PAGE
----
"We wore white when the bands wore black on stage. We didn’t imbibe when others lived to do so. We meditated or recited mantras backstage before a performance. We burned incense and candles
onstage. We didn’t do these things to be elitist or different. We did them because it was quite natural for us; and this is how we lived. I think people were interested in the energy and theatrics of
the show and also in the members of the band. Maybe they saw us as a refreshing drink in a desert. And, culturally and socially, it was a desert back then. People were curious and wanted some for
themselves. The pamphlets that we handed out before shows offered some insight into how to obtain the same for themselves. Many tagged along." --Damon Wallis, Ruin
I play rhythm guitar for the psychedelic punk band Ruin, based in Philadelphia. Ruin was first active from 1980-1986. We played several reunion shows in 1996 and
again in 2013 and 2016. We're not quite finished yet.
This December (2016) the super badass, extreme/experimental metal L.A. label Southern Lord Records is re-issuing our albums Fiat
Lux and He-Ho. Here's an interview with founder--and guitarist for Sunn O)))!--Greg Anderson. More on that below. First, some images:
Visit the Ruin... website for a
ton of links to audio, video, reviews, images, and much more!
Ruin Facebook page
Southern Lord are extremely pleased to be reviving the music
of Philadelphia's lost punk heroes, Ruin. Long considered a treasured local delicacy of the city's earlier hardcore scene, Ruin released two albums during their original run,
1984's He-Ho and 1986's Fiat Lux, both of which will be combined in for a vinyl release this December.
Set against the backdrop of a city destroying itself in slow
motion, Ruin were of a Philly generation that had to create its own culture to push back against the despair and dead ends that they were confronted with. Their relative isolation is mirrored in the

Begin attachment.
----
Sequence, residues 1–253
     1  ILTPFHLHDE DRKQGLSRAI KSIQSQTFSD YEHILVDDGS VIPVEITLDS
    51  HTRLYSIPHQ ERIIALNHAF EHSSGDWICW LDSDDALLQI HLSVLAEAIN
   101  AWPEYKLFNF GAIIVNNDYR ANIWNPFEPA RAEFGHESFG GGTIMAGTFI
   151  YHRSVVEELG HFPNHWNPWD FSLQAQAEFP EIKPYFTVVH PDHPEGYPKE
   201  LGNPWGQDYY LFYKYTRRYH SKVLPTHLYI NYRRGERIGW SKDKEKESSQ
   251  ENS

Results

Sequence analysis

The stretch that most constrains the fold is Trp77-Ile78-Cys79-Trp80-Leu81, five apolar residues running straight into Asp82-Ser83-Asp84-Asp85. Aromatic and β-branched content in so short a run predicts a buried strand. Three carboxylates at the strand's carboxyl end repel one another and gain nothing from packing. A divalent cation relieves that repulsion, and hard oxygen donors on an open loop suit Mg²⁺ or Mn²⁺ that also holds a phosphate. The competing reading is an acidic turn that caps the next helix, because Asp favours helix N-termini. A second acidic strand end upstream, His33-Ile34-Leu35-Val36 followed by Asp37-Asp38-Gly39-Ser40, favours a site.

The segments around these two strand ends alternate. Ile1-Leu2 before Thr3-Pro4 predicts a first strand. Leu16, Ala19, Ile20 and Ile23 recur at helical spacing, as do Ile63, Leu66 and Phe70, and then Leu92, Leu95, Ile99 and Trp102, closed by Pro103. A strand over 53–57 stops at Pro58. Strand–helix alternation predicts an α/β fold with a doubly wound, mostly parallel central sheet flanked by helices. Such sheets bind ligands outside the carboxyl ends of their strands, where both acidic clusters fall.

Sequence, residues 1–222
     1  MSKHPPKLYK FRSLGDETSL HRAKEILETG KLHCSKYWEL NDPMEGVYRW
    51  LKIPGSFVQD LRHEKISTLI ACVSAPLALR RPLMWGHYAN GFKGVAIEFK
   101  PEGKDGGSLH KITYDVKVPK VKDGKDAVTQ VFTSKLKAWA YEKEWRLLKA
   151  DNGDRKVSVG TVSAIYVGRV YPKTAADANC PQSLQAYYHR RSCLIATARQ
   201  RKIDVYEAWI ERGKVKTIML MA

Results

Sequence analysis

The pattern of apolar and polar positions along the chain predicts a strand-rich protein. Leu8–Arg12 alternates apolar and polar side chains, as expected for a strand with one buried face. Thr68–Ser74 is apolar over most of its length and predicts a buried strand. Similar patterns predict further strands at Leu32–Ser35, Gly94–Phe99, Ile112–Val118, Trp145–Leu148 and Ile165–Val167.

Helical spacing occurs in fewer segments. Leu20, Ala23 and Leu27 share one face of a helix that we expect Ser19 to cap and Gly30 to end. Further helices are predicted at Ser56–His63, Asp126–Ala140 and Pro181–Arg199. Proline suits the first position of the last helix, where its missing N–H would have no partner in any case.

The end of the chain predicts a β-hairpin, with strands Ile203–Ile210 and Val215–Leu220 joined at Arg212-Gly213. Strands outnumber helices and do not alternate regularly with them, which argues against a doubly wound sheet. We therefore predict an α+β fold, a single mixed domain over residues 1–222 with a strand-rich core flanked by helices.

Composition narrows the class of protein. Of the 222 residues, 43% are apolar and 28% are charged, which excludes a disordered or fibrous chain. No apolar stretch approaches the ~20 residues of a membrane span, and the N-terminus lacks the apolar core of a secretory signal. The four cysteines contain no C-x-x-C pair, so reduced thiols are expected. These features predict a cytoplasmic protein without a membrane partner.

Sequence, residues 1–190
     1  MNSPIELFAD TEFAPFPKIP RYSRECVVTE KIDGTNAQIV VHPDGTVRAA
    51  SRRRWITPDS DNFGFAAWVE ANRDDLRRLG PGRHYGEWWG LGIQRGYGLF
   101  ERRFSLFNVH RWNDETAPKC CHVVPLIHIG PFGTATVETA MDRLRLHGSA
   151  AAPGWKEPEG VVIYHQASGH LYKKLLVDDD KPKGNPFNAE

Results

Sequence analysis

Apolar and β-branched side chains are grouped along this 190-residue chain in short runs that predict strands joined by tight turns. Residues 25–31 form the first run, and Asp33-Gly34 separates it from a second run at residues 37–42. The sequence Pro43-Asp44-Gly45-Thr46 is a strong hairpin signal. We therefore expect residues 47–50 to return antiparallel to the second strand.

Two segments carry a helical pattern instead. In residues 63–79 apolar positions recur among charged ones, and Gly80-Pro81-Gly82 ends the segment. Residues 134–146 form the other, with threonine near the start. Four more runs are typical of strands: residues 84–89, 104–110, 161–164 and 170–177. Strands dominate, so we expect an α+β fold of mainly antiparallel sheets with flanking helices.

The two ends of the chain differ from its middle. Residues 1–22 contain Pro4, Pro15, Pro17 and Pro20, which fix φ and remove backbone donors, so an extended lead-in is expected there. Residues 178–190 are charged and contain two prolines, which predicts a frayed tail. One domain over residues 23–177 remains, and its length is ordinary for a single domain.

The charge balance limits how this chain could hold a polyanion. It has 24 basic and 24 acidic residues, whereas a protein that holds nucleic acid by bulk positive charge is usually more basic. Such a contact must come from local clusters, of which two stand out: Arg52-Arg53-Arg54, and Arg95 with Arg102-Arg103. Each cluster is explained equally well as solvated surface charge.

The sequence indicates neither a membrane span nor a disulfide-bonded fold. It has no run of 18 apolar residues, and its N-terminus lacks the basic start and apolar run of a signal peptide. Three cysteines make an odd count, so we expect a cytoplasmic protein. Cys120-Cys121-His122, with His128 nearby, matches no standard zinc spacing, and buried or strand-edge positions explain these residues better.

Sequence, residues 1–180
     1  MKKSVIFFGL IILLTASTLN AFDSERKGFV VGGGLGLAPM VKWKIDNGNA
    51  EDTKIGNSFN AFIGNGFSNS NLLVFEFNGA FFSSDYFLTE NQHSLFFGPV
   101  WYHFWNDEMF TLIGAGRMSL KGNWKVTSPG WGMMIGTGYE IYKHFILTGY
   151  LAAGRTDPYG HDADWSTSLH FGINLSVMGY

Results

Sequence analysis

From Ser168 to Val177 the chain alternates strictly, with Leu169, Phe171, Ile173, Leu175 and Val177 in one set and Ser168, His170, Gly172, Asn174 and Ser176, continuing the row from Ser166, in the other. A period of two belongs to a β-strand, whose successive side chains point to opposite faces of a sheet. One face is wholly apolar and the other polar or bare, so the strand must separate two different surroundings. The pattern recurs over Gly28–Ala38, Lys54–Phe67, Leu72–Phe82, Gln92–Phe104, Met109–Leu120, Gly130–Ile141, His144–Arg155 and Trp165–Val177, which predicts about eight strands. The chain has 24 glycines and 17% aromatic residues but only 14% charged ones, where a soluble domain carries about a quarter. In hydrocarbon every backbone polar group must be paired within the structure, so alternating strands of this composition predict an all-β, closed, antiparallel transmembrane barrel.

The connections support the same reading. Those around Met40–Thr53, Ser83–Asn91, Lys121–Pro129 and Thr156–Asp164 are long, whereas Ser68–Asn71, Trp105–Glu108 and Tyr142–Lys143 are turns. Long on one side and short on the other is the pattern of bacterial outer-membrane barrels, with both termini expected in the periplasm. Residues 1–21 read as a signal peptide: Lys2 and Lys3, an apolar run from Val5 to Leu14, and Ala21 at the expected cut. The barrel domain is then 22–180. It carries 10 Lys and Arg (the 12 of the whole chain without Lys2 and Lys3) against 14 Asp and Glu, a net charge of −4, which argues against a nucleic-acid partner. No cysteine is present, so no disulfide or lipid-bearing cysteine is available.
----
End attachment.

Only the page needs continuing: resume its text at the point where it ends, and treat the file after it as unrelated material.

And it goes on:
distance between Ruin's muscular, turbo-garage jams and the rest of US punk/HC at the time - the band got it across not through violent speed and mania, but with body-shaking chunks of simpler punk
that refused to fit in with the wider template. Labelled from their early days as a Buddhist hardcore band (though not strictly the truth), Ruin are an object of intrigue that have rewarded the
curious since 1982, but getting your hands on either out of print He-Ho or Fiat Lux has never been an easy task. A recorded output that totals 28 tracks (including a couple of
significant Leonard Cohen covers that were praised by the artist himself) will at last be available on a wider scale, including original scans of the detailed lyric sheets and inserts, as well as in
depth retrospective notes that help to place Ruin in Philly and punk history.
Performing on candlelit stages all clad head to toe in white, Ruin
aren't a band to listen to if you want to hear another near identical iteration of a New York, LA or Midwest sound - they simply couldn't be playing for any other reason than to satisfy themselves
and realise their ideas. They rocked hard and loud but in their own method, and the heat and sweat of their playing emanates from the rich recordings.
Southern Lord Records Ruin page
Band Camp digital downloads
Ruin on Spotify